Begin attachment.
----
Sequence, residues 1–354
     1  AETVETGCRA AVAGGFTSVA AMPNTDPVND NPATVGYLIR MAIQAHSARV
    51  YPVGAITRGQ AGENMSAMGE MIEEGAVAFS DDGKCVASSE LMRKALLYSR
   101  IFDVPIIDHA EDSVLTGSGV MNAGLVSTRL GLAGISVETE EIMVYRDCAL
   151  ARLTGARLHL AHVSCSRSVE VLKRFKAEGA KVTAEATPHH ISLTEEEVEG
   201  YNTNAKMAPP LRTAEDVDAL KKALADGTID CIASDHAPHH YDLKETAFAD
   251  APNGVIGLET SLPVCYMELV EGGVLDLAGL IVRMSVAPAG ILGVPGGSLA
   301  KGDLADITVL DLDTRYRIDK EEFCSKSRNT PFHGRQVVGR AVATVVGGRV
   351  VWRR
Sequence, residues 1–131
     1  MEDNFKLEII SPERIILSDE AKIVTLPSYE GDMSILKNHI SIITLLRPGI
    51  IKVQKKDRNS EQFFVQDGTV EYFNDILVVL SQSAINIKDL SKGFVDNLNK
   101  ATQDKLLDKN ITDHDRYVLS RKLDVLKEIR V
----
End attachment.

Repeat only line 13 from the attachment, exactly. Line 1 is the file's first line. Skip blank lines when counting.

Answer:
   101  ATQDKLLDKN ITDHDRYVLS RKLDVLKEIR V